The scientist, the chef and her passions
Even as an 11-year-old, she used to jump at the chance to cook for the entire family. Anne Roefs, professor of Psychology and Neuroscience of Abnormal Eating, was tossing up between a career as a scientist or a top chef. Now she is passionate about her research on topics such as obesity. Occasionally the cook in her fantasises about using her knowledge to promote sustainable weight loss: “There’s no reason healthy food can’t be tasty too. What if I were to write a cookbook with healthy recipes, combined with a meal box with the right ingredients—the ‘Lose Weight Box’—and an app with supporting advice?” But first the VICI project.
Her scientific research has undoubtedly changed her view of food. “I’ve learned how hard it is to change an unhealthy lifestyle. I used to have this cavalier attitude: come on, you just have to do this, this and this. But for the people involved, it’s like elite sport. There’s so much room for improvement in how we can support people in transitioning to and maintaining a healthy lifestyle. Some are very good at it; they just flip a switch. But for most people, it’s a very bumpy road. We mainly look at behavioural and psychological elements, but environmental and biological factors also play a role. That’s what my VICI project is about: can we develop profiles of people that can predict who will be able to change their lifestyle and lose weight sustainably, and who won’t? Obesity research tends to be based on averages and neglect individual aspects that can lead to overweight. These profiles could help us decide which intervention is most appropriate.” Mid-March it was announced that the VICI grant of €1.5 million had been awarded to Roefs.
Listening to her explain her research with such enthusiasm, it’s hard to imagine she ever had doubts about her profession. “When I finished my PhD, I said to Anita [Jansen, her supervisor]: now I’m going to quit and become a chef. ‘Think it over,’ she said. ‘Why not do that two days a week and work four days as a postdoc?’ So I did that for a year: I worked in the kitchen at Le Salonard in Maastricht and also gave cooking lessons. I was friends with the restaurant owner and learned a lot from him, from cutting five kilos of onions to experimenting with flavours. I realised that when you work for a boss you don’t have the freedom to do your own thing. But I found starting for myself too risky—I’m actually risk averse,” she laughs. “And the days in the restaurant all started to look the same just as my postdoc research was becoming more and more interesting, so I decided to pursue my scientific career. I’ve never regretted that choice, not least because my research is on eating behaviour. Many people don’t seem to realise that healthy food can be tasty too—such a missed opportunity!”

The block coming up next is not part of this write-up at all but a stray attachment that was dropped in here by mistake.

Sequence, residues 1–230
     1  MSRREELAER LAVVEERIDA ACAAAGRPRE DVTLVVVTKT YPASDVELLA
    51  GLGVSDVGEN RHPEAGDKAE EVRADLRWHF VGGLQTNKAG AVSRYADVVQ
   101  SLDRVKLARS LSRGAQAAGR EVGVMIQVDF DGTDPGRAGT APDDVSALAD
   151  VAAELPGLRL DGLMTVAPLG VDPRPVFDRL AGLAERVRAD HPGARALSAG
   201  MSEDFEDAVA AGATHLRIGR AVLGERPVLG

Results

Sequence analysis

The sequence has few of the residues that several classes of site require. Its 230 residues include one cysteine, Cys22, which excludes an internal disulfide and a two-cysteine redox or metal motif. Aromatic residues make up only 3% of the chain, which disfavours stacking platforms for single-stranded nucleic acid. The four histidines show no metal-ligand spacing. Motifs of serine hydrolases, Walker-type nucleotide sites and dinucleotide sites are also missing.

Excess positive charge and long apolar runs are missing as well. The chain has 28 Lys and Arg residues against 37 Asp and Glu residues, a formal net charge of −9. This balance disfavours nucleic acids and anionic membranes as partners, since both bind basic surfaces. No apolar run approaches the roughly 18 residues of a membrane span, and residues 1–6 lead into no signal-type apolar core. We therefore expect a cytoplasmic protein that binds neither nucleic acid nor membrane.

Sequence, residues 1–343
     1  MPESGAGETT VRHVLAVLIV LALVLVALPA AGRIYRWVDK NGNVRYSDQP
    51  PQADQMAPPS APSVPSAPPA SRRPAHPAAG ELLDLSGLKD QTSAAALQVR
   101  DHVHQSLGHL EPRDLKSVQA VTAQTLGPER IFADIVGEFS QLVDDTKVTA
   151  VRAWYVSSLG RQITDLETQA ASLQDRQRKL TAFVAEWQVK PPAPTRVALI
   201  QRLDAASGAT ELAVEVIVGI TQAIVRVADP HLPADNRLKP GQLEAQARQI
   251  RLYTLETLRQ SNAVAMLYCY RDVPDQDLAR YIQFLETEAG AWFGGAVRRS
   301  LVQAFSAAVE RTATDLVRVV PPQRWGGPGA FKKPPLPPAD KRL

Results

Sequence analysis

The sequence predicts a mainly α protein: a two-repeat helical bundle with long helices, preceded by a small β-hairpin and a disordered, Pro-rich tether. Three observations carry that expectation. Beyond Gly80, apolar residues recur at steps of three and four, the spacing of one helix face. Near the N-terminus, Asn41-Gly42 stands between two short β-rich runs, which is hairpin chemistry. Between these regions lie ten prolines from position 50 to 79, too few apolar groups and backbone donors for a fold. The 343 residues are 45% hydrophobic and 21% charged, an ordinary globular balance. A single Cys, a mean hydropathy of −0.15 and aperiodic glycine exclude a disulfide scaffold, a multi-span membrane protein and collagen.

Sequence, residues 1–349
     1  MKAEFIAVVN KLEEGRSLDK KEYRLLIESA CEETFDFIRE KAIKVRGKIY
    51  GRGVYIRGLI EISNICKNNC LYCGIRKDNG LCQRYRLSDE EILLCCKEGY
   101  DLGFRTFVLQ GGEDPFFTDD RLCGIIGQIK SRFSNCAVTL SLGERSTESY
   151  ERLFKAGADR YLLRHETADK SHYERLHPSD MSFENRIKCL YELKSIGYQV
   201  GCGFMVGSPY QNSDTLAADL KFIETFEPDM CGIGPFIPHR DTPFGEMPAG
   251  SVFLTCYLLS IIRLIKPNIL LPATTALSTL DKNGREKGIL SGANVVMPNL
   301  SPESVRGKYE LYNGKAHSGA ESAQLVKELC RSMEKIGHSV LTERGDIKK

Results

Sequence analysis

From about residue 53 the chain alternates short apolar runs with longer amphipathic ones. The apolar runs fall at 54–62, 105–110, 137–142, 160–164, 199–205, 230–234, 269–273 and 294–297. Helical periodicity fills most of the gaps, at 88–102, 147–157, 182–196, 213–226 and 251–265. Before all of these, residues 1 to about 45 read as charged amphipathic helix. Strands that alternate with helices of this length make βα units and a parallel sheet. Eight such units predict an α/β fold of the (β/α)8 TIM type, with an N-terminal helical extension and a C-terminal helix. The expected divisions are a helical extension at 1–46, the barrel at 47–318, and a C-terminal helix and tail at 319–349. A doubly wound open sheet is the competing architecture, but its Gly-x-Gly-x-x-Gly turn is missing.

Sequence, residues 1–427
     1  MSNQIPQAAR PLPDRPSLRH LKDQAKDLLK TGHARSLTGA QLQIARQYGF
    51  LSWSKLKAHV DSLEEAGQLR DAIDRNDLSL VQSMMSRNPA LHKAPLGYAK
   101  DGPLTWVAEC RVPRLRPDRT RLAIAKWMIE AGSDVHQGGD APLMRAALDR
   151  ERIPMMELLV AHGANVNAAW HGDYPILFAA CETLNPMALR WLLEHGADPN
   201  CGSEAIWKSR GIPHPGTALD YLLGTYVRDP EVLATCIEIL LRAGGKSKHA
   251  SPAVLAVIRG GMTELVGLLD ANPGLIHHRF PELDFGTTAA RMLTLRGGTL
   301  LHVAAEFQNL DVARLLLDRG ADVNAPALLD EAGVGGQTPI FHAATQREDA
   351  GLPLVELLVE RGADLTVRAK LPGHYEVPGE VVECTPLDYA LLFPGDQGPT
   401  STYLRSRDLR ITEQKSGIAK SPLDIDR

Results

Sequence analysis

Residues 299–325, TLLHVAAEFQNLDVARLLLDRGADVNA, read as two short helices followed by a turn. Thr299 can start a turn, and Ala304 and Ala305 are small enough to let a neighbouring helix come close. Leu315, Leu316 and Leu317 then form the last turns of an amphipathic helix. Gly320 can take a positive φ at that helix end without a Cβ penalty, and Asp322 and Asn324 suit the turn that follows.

Anne Roefs, professor of Psychology and Neuroscience of Abnormal Eating, studied Psychology at Maastricht University. She succeeded Anita Jansen as chair of the Eating Lab, a research, education and treatment laboratory at UM. Her research focuses on obesity, weight loss and dieting, eating disorders, brain processes and interventions. In 2016 she received an NWO VIDI grant for her research on reward responses to food. In 2022 she received a Vici grant of €1.5 million for her research project: 'Understanding Overweight and Obesity: The end of Average'.
Anne Roefs and her daughters Meike and Elin
Freedom of choice
Roefs hails from a baker’s family in Brabant, and both of her grandmothers were good cooks. “A love of food is definitely part of it, just not through my parents. Food was functional for us; my mother is definitely not your typical Burgundian. When I was 11 and suggested cooking for the family, she must have thought, great, that way I don’t have to do it, whereas I thought: now I’ll be able to make food that’s actually yummy.” She experimented with cookbooks and learned from an uncle who was into French cuisine. “Chocolate mousse and the perfect chips with homemade mayonnaise. He always made a party of it and let you go your own way, intervening only when you were really headed in the wrong direction. I see him doing the same thing with my daughters now, and it works.”
During high school she waited tables at a high-end restaurant, so the Hotel School in Maastricht seemed a logical choice. “But it was awful: completely focused on management, no cooking at all. I didn’t feel at home there. I quit after two years, much to the horror of my parents. My father’s a guidance counsellor, and he hadn’t seen it coming at all,” she laughs.
History repeats itself
At the time of the interview, Roefs, her husband and their two daughters (aged 10 and 12) are living elsewhere while renovating the ground floor of their house: a new kitchen was a must. “We thought long and hard about the layout. I need a good oven and lots of space, so we’ll have a very long countertop—almost to where the dining table is—because I like to cook with company. A good convection oven is enough for me; I don’t need fancy technology. If I want to steam something, I just do it with an aluminium steamer in a pan.”
Her favourite chef is Yotam Ottolenghi. “I use his books whenever I have time and am cooking for a group. Roasted aubergines, how special can they be? But if you use all those ingredients in his recipes, they become so exciting. My work has definitely led me to cook more healthily.” She is also keen to pass on her passion to her daughters. “The eldest, who’s just turned 12, enjoys cooking and can prepare a meal on her own. She’ll app me to say, ‘Mama, can I cook?’ So sweet.” History repeats itself.
By: Annelotte Huiskes (text), Arjen Schmitz (photography)
Many people don’t seem to realise that healthy food can be tasty too—such a missed opportunity!
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